Markets

Know What You Can Control as an Investor

Understanding the economy is important, but smart investing focuses on costs, tax effectiveness and other factors.

So far in 2016, many of the comments we've received from clients, friends and acquaintances express frustration with the current economic and political environment for investors. The resurgence of volatility in the post-quantitative-easing world and uncertainty in many parts of the globe, politically and economically, exacerbated by the impact of plunging prices of oil and other commodities seem at odds with the healthy and growing global economy.

One of the quotes frequently attributed to Warren Buffett says, "Investing is simple but not easy." My interpretation of his comment is that many things get in the way of investing: investor psychology, fuzzy data, costs and sometimes just silly thinking.

Successful investing requires understanding what matters and, at the same time, recognizing what you can control. The intersection of and distinctions between these two concepts are important to identify when making portfolio decisions. For example, the ability to control what the economy does or doesn't do, whether the various marketplaces for investments will be favorable or unfavorable, what inflation will be and what new geopolitical events may pop into our world are impossible to know with any degree of precision. Yet we can't get enough of those opining their view of these topics. If they knew for sure what was coming, they would most likely keep their knowledge private in order to capitalize on the secret sauce.

While the previous paragraph might lead you to conclude that this information is useless, it is not. It is helpful in framing the construction of a portfolio based on things that we can, in fact, control. Keeping the macroeconomic context in mind, focusing on four controllable factors can increase the effectiveness of a portfolio and its overall probability of success. These controllable factors are:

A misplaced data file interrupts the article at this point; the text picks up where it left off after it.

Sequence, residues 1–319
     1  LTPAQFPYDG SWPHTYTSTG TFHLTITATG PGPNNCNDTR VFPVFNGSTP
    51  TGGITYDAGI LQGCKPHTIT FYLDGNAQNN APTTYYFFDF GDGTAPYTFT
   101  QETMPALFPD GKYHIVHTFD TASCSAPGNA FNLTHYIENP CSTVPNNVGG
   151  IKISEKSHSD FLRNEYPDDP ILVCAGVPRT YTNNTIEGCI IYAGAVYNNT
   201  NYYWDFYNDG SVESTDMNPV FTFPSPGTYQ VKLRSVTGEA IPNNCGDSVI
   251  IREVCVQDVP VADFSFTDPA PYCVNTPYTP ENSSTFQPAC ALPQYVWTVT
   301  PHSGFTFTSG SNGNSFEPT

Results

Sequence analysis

1. Valuations

Whether we are buying a private residence, business or other type of investment, common sense tells us that paying an expensive price will likely lead to a less than favorable outcome. At the same time, buying assets at a reasonable or possibly undervalued price will most likely lead to a favorable outcome.

The chart below by Ned Davis Research shows the impact that valuation has on returns using a mix of five valuation metrics. Note the lower clip of the chart and the red line as it fluctuates between undervalued, fair value (between the upper and lower dashed lines) and overvalued. The box in the lower clip indicates how Standard & Poor's 500-stock index has delivered returns in the past, on average, when valuation metrics are at certain levels. The returns are cumulative not annualized.

Thinkstock

Valuations matter and have a large impact on what reasonable returns can be expected. Of course, this does not guarantee those results, but it does provide some important clues. Does this mean that the S&P 500 should be totally avoided? No, but it does suggest that overweighting this singular asset type may not be helpful in constructing a high-probability portfolio. Other asset classes may provide better risk-return characteristics and would likely deserve a higher relative weighting from your base allocation model.

2. Costs